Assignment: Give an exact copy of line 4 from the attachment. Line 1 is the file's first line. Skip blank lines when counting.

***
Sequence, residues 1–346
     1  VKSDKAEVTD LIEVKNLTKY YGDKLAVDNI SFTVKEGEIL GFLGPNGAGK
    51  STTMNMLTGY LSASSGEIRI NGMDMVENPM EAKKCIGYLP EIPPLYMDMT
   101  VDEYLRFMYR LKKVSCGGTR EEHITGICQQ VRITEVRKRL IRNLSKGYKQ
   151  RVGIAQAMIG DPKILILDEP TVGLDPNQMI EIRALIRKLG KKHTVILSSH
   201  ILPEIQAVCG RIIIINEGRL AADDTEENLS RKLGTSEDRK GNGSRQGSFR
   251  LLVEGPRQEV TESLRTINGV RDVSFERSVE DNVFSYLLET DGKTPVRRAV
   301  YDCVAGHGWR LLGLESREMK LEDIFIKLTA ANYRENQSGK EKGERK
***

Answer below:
   101  VDEYLRFMYR LKKVSCGGTR EEHITGICQQ VRITEVRKRL IRNLSKGYKQ